• “Remember to head on over to the show notes amy.online/352 to grab the template for a pitch email that you can use.” – Amy Porterfield
    • “I highly recommend you go to BloggyFriends.com to look at the episode three show notes where I do a full breakdown of everything that I just discussed here today.” – Bloggy Friends Show
    • “Make sure you hit subscribe if you haven’t already. And, if you’d like to check out my YouTube channel, it’s not quite as big as Matt’s, but hopefully just as great – you can check it out at YouTube.com/PatFlynn” – Smart Passive Income

How to Make a CTA that Works

You want to avoid constantly nagging your already devoted listeners. Because of this, you may want to save your CTA for the very end. While mentioning your website or show notes organically throughout the episode may make sense, asking for reviews or explaining how they help you is best saved for after you’ve delivered your main message.

You also don’t want to ask for too much, or drone on too long about why you need them to act. In other words, if you spend five minutes of your 15 minute episode begging for reviews it can feel demanding and turn your listeners off as a result.

This tactic is also recommended by thepodcasthost.com. People love to hear their names, and receive appreciation from the host, so this may be something you want to consider. A few hosts we’ve seen do this at one point or another include the Screw the Nine to Five Podcast, The Flipped Lifestyle Podcast, Chalene Johnson, Natalie Sisson, and many others.

One great way we’ve seen podcasters ask for reviews is by reading real reviews from listeners within an episode. People love to hear their names, and receive the appreciation from the host, so this may be a tactic you can consider.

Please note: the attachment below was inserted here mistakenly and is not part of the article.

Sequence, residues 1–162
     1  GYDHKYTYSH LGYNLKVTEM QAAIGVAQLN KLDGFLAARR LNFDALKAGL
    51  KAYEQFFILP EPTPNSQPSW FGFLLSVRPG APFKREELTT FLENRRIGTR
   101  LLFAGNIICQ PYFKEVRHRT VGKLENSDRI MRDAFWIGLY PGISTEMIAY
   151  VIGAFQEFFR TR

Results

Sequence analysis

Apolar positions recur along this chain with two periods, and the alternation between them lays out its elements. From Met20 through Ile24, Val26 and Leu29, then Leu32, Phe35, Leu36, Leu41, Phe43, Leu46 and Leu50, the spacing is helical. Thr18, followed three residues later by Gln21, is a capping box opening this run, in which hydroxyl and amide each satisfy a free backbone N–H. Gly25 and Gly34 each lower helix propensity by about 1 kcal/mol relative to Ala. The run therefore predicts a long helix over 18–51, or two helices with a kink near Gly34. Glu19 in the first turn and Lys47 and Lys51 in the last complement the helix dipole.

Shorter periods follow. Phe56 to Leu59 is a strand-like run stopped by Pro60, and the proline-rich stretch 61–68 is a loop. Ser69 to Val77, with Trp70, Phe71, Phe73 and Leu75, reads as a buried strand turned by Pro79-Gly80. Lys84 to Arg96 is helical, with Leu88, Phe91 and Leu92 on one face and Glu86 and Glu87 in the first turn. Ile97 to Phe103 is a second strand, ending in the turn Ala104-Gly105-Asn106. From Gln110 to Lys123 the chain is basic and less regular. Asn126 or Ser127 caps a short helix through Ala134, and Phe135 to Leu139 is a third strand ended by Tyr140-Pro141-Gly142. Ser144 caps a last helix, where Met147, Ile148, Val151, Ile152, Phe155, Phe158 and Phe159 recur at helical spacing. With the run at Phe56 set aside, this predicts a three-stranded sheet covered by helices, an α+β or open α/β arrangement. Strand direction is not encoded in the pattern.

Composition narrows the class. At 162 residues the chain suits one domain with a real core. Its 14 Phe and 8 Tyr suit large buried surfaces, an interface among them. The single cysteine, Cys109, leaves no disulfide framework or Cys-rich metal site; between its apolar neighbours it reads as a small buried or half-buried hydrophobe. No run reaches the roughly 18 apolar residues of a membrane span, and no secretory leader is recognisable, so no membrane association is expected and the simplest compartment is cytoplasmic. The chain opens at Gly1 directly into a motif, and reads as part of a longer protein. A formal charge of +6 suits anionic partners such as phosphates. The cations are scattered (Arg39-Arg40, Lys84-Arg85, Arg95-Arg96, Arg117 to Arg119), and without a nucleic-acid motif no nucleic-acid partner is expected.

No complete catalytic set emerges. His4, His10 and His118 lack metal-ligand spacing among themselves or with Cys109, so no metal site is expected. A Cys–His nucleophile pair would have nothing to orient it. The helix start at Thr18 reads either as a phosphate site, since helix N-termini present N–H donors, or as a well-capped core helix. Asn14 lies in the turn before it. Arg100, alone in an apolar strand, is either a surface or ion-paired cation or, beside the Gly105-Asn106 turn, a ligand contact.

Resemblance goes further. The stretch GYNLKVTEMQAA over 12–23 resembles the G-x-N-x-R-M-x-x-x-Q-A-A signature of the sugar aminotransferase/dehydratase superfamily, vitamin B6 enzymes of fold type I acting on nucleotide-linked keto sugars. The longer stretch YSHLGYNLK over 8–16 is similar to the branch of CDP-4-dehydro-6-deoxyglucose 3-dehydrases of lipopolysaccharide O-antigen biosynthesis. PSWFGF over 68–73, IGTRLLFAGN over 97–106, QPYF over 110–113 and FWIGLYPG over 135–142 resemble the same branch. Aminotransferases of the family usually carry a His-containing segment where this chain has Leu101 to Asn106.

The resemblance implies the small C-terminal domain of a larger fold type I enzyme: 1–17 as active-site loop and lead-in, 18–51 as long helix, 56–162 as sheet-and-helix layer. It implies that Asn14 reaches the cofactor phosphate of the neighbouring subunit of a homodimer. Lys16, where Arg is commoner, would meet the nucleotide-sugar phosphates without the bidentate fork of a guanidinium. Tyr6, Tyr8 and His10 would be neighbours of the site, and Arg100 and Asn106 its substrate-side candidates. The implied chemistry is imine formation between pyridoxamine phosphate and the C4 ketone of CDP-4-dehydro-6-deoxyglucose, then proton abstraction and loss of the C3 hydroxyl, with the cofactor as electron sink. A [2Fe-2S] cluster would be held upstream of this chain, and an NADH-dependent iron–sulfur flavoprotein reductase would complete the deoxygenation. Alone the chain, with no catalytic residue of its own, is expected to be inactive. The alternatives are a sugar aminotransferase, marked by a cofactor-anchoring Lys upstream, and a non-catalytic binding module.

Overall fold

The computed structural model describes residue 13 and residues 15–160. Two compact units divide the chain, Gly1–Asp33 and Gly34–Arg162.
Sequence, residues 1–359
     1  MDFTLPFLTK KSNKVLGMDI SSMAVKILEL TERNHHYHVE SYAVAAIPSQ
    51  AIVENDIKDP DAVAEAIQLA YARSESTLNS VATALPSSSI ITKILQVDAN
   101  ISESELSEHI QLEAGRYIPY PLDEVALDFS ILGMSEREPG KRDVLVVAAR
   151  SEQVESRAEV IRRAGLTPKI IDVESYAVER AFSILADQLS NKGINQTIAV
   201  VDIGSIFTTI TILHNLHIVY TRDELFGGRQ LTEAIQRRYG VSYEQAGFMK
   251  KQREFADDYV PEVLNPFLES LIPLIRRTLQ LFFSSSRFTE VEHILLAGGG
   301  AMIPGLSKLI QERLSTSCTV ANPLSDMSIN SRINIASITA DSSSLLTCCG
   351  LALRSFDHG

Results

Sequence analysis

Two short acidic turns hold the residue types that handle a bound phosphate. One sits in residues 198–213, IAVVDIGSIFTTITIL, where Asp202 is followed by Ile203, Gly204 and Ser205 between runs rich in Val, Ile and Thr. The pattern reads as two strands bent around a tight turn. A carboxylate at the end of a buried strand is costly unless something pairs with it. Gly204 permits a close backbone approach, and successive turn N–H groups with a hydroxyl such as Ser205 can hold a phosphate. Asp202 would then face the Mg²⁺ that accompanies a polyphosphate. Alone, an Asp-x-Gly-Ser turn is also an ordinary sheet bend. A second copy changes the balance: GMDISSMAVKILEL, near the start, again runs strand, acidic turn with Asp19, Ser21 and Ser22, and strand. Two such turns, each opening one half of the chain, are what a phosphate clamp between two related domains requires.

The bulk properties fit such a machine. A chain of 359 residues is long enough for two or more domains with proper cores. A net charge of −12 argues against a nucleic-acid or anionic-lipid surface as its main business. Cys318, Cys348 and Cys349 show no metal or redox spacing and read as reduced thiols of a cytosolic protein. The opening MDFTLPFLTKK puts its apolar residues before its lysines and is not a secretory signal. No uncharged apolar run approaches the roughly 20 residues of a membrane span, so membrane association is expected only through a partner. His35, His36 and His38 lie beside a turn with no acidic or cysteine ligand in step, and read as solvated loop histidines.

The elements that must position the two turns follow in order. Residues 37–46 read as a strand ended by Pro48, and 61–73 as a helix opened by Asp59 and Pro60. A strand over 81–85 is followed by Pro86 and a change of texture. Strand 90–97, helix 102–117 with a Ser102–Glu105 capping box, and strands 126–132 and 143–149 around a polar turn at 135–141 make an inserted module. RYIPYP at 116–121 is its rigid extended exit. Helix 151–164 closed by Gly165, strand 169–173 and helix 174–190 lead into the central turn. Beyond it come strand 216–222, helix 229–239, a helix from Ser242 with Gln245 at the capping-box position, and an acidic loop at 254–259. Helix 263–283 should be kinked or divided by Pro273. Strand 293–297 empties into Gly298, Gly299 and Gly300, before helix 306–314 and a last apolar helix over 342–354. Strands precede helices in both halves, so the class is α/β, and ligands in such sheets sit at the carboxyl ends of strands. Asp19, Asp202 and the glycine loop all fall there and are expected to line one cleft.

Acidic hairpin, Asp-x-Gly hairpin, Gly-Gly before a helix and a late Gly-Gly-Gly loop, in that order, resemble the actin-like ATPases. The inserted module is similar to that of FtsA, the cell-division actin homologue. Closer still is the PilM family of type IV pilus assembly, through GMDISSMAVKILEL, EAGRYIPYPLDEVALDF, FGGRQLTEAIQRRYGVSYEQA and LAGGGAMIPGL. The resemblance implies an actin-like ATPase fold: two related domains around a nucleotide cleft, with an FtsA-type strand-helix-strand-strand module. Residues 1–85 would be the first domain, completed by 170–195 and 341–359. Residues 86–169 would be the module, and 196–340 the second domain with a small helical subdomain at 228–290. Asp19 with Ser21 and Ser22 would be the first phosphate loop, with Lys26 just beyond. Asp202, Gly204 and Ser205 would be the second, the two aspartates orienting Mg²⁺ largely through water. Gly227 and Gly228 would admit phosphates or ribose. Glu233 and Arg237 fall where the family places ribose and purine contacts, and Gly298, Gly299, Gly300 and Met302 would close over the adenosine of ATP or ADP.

If sales are your goal for affiliate offers or your own products and services, providing a special discount is often the best way to get your audience to visit your offer page. They want an incentive to click! Of course, you need to keep in mind that not everyone will be listening to your episodes when they are released, so you may need to use discount offers that don’t expire quickly.

man having podcast

How Often Should You Have a Call to Action?

Every. Single. Episode. No exceptions!

While you might feel silly repeating a podcast call to action for every episode, you need to include one in all of them if you hope to find success in your podcasting venture. The reason? Not everyone will listen to every episode you release. Skipping your CTA in a single episode means that you could miss out on the opportunity to get someone new to your audience to do what you want them to do if they don’t listen to your other releases!

If it helps, you can always record a couple of variations on your CTAs and simply drop them in like ads into your episodes while you’re editing your show. Or you could create an editing template that already has your intro, a CTA, and an outro ready to go so that all you have to do is add the meat of your episode to make producing your show a little faster. How you go about this will be up to you. Some podcasters prefer to say the CTA every time they record so that they can tweak it just slightly.

Remember – your podcast call to action can help you grow your audience and your revenue. After a while it will feel normal, and will become routine, and when your numbers start increasing you’ll be glad you included them in your show.